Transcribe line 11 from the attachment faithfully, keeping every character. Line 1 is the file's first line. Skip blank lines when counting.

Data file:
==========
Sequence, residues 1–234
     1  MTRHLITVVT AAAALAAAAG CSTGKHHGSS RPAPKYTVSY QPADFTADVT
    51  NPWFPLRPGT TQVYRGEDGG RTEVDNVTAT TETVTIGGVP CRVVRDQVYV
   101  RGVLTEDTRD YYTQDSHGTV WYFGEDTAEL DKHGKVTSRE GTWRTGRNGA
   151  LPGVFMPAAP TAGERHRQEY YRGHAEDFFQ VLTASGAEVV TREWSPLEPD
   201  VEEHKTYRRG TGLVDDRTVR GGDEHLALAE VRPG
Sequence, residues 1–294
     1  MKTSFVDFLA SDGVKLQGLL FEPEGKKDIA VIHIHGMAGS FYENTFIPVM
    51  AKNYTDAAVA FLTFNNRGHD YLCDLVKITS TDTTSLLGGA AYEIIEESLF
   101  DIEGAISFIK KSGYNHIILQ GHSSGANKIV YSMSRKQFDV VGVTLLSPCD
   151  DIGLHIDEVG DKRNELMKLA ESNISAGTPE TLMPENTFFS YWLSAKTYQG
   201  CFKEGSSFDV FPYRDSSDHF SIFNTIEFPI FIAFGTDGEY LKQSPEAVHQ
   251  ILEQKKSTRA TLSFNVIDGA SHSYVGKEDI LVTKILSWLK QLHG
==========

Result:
   151  DIGLHIDEVG DKRNELMKLA ESNISAGTPE TLMPENTFFS YWLSAKTYQG